The American military commentators make the point that it is now evident that US Intelligence grossly overestimated the size and combat readiness of the Iraqi forces, but add that the command was prudent and sensible not to take risks. After all, many were inclined to doubt whether American military doctrine based on the vaunted superiority of their sophisticated command, control and communications systems, would work on the day. When it did, the Soviet Union must have gained a fair impression of what would have been thrown at it had there been any aggression in Europe. ‘After the disastrous defeat suffered by Iraq,’ say the Admirals, ‘who will risk a conventional armed confrontation with the USA in the future?’

While finding much to applaud in that part of the Coalition’s performance in the air that could be plausibly linked to the fulfilment of UN resolutions about the liberation of Kuwait, Carroll and La Rocque are sharply critical of the scope of the target list. ‘Only by a strained logic,’ they say, ‘can water and power facilities in northern Iraq be related to reducing Iraqi military capabilities in Kuwait,’ and they ask: ‘If the USA wanted only to implement the UN call for withdrawal, why were Iraqi troops attacked when they were leaving?’ The Admirals make it clear that, in their opinion, Saddam was mistaken not only in deciding to invade Kuwait but also in practically every command decision he made thereafter, including the decision not to take advantage of surprise to advance immediately into Saudi Arabia while he had the chance to seize the ports and airfields which the United States and her allies would need for deployment. Yet fool though he was in so many departments, he was smart enough to defeat, at any rate for a while, the scarcely disguised aim of American strategy, unsanctioned by UN resolutions: that of setting the scene for a new Iraqi coup d’état.

Those opposed to the resort to war and not willing to condone Saddam’s aggression placed their reliance on economic sanctions, and it is certainly worrying that this method of non-military pressure by the world community was abandoned so soon, in a case which had been described as ideal for the purpose, with Iraq so dependent on imports. One may suspect that the most powerful motive for this was impatience, but there was another much more respectable one: concern for the Kuwaitis, who were being subjected to a senselessly cruel regime of looting, pillaging, torture and murder. A vivid account of life for a foreigner under the occupation has appeared in Jadranka Porter’s Under Siege in Kuwait. Ms Porter was a Yugoslav (and a British citizen) employed by the local English-language paper and living with her much older black American boy-friend. Fortunately for the book, this rather loud gentleman (a military adviser to the Kuwaiti Defence Ministry) was arrested after the first month and held as a hostage, thereby sparing Porter’s readers further accounts of their claustrophobic squabbling. She found herself emerging into an adventurous life of continual alarm and insecurity. She ceased ‘hyperventilating’ (a favourite word) and began, in a perverse fashion, to enjoy life under occupation. ‘It tested my courage and sapped my energy but this, I thought, was just the situation to throw up heroes ... I wanted it to continue. I was afraid that, if the curtain came down, the heroes would be dragged off the stage before the end of the drama.’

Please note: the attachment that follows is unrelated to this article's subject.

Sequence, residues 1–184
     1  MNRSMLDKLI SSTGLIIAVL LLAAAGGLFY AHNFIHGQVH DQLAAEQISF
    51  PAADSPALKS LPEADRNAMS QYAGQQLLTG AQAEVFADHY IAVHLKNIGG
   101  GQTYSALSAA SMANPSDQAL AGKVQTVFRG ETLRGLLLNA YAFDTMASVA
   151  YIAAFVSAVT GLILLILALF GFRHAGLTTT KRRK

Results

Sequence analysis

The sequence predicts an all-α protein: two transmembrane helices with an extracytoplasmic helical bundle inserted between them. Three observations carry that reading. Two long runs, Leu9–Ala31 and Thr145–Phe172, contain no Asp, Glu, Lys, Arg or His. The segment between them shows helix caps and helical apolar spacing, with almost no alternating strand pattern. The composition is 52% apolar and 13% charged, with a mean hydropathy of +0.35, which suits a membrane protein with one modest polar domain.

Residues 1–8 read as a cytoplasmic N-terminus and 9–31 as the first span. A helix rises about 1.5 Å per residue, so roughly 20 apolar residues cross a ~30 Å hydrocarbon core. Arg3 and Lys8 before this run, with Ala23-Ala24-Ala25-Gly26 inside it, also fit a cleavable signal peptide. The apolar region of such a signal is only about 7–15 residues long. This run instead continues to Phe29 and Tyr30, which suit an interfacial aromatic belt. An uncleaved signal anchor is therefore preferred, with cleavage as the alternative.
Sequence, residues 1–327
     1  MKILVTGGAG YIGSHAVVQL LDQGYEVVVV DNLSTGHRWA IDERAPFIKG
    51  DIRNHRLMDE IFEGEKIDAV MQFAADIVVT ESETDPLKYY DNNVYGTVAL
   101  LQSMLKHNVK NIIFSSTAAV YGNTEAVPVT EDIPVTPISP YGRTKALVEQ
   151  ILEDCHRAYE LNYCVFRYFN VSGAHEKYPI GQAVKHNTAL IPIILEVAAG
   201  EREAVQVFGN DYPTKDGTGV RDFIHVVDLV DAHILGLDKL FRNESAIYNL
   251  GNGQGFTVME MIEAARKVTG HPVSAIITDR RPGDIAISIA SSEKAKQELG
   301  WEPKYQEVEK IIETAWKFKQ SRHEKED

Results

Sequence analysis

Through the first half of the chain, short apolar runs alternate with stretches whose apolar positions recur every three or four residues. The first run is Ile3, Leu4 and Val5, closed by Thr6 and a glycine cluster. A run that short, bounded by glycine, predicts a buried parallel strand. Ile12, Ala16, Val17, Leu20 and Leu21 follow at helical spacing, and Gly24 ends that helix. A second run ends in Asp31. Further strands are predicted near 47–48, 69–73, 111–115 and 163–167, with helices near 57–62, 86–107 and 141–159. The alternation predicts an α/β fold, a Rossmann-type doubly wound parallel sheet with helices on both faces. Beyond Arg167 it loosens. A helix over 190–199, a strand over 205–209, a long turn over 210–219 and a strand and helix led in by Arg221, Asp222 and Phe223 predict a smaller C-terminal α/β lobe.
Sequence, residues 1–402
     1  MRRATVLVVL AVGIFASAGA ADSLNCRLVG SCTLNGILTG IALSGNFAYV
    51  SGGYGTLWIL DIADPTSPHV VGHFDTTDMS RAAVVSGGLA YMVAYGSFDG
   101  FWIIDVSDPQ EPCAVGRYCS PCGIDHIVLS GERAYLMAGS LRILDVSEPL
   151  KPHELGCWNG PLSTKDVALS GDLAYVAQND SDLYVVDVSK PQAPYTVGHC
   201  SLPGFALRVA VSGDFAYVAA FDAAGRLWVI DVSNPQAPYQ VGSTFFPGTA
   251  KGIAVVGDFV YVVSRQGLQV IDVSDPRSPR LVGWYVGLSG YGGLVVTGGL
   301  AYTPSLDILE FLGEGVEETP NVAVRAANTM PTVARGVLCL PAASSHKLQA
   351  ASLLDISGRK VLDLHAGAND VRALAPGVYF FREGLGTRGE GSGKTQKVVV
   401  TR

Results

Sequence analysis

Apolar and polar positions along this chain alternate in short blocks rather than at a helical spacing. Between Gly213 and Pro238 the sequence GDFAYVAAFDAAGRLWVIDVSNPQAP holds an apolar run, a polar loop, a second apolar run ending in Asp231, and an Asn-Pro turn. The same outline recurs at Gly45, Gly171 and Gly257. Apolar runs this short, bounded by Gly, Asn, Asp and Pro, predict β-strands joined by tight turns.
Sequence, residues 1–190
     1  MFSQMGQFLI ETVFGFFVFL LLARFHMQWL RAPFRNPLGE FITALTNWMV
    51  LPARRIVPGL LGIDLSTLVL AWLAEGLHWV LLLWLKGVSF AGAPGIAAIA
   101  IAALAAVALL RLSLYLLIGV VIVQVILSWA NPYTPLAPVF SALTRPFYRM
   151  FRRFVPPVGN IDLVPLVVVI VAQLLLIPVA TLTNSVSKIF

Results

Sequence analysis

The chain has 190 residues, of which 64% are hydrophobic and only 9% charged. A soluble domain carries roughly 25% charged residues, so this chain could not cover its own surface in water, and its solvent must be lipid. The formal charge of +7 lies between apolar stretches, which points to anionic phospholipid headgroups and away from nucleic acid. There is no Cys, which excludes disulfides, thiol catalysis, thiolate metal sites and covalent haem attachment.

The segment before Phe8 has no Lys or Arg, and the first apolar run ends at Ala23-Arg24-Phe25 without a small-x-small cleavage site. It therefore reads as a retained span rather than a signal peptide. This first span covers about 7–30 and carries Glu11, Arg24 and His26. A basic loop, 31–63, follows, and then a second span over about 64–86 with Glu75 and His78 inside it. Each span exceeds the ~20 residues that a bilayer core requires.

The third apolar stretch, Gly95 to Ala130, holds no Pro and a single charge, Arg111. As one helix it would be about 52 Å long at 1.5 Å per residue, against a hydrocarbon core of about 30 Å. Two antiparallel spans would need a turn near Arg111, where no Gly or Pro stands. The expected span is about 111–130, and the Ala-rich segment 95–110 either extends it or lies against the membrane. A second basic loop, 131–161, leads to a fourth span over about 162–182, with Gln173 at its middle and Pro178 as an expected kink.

Although she felt unusually fulfilled – she was doing two dangerous jobs, delivering correspondence to other members of the foreign community and smuggling out a total of 21 ‘letters’ for anonymous publication in the Sunday Times – she discovered, to her surprise, that other expatriates ‘weren’t interested in life-enhancing experiences’. One other major discovery, which had escaped her before despite her profession, was that she liked Kuwaitis: they were courageous and could be unselfish. She was never betrayed. There were signs, however, of trouble to come. ‘It was becoming increasingly clear,’ she records, ‘that once the nightmare was over, there would be a horrible settling of accounts.’